If the intention is to listen to the entire discography, I suggest including the first two albums at some point. There's certainly nothing wrong with them. The songs are not as prog, but even in the early days, Yes had a penchant for going a bit beyond standard arrangements, and they have some pretty inventive covers on those first two albums. It's insightful to see where they started from.
As for the setlist from Union, I don't remember it all. But they opened with the excerpt from "The Firebird" and jumped into "Yours is No Disgrace". Abrupt, but it did start the show with a bang. I know they did "Awaken" because it closed the first set. All the standards were there, including "All Good People", "And You And I", and of course "Roundabout" for the encore. They pretty much had to play "Owner of a Lonely Heart" -- their only #1 song. Oh yeah, that night (7/20/1991) they were celebrating Trevor Rabin's newly minted U.S. Citizenship. He's South African by birth, but had applied for, and was granted that day, U.S. Citizenship as well.
Wakeman and Howe had their solo spots, and Kaye even got a short one which led into "Changes". Late in the show, where you might expect a drum solo, there was a drum duet, not unlike what Genesis did with Collins and Thompson. White stuck mainly to traps, and Bruford provided mostly the crazy licks and fills he's known for. (Interesting, I just realized that the one tour Chester Thompson didn't do with Genesis after Phil Collins started fronting the band, it was Bill Bruford who played drums. Funny how that works.)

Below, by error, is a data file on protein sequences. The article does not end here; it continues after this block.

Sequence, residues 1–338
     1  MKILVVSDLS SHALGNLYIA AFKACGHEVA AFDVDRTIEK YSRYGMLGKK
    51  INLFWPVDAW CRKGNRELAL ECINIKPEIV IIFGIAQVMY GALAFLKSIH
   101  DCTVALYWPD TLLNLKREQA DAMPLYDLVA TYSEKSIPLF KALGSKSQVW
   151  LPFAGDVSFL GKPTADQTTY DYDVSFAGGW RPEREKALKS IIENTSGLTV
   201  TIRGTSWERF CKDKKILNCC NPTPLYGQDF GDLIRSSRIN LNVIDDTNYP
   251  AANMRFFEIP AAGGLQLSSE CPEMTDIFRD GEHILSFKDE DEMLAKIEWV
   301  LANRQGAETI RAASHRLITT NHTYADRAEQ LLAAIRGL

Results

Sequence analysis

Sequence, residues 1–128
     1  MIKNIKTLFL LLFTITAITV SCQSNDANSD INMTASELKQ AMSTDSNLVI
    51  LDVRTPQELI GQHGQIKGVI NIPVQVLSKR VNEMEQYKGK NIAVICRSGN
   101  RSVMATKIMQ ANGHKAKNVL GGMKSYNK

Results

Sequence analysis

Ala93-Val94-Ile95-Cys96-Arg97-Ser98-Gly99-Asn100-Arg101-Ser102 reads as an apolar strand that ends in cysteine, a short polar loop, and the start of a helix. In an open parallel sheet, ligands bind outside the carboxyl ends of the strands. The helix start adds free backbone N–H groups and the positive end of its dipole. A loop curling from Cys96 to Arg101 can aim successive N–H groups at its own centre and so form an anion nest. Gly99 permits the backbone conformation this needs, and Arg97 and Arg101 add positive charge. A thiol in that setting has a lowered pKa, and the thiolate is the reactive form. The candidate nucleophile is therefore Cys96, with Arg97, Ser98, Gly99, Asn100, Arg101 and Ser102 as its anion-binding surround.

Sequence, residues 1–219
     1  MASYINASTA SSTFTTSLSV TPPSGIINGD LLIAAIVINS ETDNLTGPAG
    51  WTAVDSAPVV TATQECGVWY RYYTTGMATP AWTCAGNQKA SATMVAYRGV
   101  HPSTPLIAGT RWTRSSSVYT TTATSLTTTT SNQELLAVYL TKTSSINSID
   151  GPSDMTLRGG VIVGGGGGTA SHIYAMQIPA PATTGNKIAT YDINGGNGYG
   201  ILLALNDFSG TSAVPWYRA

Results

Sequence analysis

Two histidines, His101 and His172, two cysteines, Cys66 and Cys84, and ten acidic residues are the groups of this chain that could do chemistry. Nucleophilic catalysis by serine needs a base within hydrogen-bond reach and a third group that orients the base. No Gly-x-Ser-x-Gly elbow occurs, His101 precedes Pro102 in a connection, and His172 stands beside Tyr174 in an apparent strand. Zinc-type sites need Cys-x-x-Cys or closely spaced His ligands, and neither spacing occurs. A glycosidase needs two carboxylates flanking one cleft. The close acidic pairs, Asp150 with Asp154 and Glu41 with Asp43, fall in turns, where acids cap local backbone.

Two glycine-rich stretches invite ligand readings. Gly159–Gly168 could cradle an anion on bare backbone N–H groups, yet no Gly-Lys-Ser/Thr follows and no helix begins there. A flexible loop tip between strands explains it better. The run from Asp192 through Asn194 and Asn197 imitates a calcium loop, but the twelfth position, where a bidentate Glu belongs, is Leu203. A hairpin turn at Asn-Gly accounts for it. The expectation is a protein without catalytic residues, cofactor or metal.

"Heart of the Sunrise" was a treat. "Long Distance Runaround + The Fish" was in there, too, basically Squire's solo spot. From the Union album, they did "Shock to the System" and "Lift Me Up".
My memory must be playing tricks on me, because I thought Rabin and Howe had dueled at the end of "Starship Trooper", but I'm not seeing that song on any setlists I can find online (yeah, I finally had to cheat). It was during "Yours is No Disgrace". On Yessongs, there's a part where Howe takes off for a while, before they come back with "death-defying, mutilated.." and that's where Rabin and Howe traded licks.
There are video boots and torrents out there of the Union tour. I've seen some of it, and it's not bad. The Denver show is the best, if you can find it. Also, there was an official release in Japan -- I think it may have been Laserdisc -- which is out of print, but boots of it are out there.